in the months before i moved to philadelphia i was certain that great new friends awaited me. i felt excited to meet them, knowing they might show up anywhere at any moment. when i arrived in philadelphia with all of my clothes and boots and books from austin and my collection of rustic mexican artwork, very few of these pieces made sense in philadelphia. i left most everything in boxes for the first three months. i got into bed and rarely got out during those months. i allowed myself to succumb to a depression that i’d been holding back for a year or longer. i let myself fall into the dark pit inside me. people closest to me knew about my depression because i had no energy to hide my sadness. my self-mocking revelation for that season was “depression is so sad.”
my father took the entire summer to die, mostly unconscious in a hospital bed. i waited with him in limbo, him in his hospital bed in austin, me in my king size bed in philadelphia. i waited for anticipated relief at his release from this earth. when he finally expired, i felt nothing. no relief, no sadness, no loss or gain. my depression remained stagnant. not worse. not better. nothingness replaced sadness.
i felt nothing for two months. i wished the nothingness resembled shock or any other stage of grief, but i wasn’t grieving.
last fall in a shifting conversation with the poetess, she helped me reframe my depression as an integration of nihilism. since adolescence i’ve understood that my pain and suffering and surviving are inherently meaningless but i had been able to keep the meaninglessness contained in an intellectual partition devoid of emotional response. at this point in life, i am despairing of the meaninglessness. this integration of nihilism is nothing new, not for me or for anyone who has traversed through this world. my singular goal of enlightenment is my focused attempt to transcend the meaninglessness or at least to suffer less from it.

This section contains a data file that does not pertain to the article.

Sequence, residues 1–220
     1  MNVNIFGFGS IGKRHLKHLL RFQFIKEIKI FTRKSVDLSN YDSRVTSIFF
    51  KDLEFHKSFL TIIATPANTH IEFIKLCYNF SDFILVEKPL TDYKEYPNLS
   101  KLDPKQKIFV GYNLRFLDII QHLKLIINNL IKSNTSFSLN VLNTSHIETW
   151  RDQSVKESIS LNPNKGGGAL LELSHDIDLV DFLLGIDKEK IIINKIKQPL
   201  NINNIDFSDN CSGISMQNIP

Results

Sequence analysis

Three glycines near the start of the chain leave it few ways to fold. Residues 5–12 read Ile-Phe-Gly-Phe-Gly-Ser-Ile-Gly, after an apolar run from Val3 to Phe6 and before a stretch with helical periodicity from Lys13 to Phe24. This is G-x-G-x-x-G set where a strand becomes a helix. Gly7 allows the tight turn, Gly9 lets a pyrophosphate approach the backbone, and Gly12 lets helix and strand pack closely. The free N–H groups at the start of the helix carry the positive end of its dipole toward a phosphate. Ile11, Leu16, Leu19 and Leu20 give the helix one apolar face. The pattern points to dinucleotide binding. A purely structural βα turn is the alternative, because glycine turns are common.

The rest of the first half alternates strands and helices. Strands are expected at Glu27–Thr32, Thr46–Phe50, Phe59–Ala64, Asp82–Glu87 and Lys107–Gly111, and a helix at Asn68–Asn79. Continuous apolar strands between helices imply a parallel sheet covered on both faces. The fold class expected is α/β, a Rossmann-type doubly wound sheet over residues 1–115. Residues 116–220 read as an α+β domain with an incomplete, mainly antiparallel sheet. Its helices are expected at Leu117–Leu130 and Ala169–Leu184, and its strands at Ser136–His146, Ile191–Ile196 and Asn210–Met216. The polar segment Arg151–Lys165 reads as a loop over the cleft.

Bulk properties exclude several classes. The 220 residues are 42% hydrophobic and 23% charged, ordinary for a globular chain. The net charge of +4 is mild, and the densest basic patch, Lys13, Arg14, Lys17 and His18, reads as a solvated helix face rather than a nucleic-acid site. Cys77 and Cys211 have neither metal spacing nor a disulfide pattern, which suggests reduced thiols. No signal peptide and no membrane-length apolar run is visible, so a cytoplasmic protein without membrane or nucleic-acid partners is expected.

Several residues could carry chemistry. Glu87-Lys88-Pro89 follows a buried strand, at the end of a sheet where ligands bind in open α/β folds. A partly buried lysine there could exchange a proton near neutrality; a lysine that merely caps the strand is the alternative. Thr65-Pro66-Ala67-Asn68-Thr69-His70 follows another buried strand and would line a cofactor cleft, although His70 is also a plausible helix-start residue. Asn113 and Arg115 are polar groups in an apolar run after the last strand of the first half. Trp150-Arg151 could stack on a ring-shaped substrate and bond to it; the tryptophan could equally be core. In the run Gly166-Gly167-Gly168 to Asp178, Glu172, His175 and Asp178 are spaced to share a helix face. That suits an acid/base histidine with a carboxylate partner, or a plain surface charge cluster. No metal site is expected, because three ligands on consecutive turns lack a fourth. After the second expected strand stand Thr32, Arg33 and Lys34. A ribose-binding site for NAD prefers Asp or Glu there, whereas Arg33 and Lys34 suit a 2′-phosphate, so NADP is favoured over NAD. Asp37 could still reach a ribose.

i spent half the winter in austin, half in philadelphia. there was no winter in austin. patches of bluebonnets and redbud trees bloomed on the first of february. the trees continue to look like skeletons in philadelphia. blackened hills of snow are clumped along the streets.
i’ve made only one friend in philadelphia that i’ve mostly neglected this fall and winter that has become spring.
but something significant has transpired.
in the past few months i’ve deepened my friendships with my dearest ones in austin, people i’ve loved for years and never spent enough time with when i lived there full-time. philadelphia has delivered the great friendships i hoped for, but differently than expected. the newness of my friendships has emerged from a deepening commitment to my loved ones in austin. these friendships have grown stronger with cherishing recognition and devoted nurturing of their infinite value.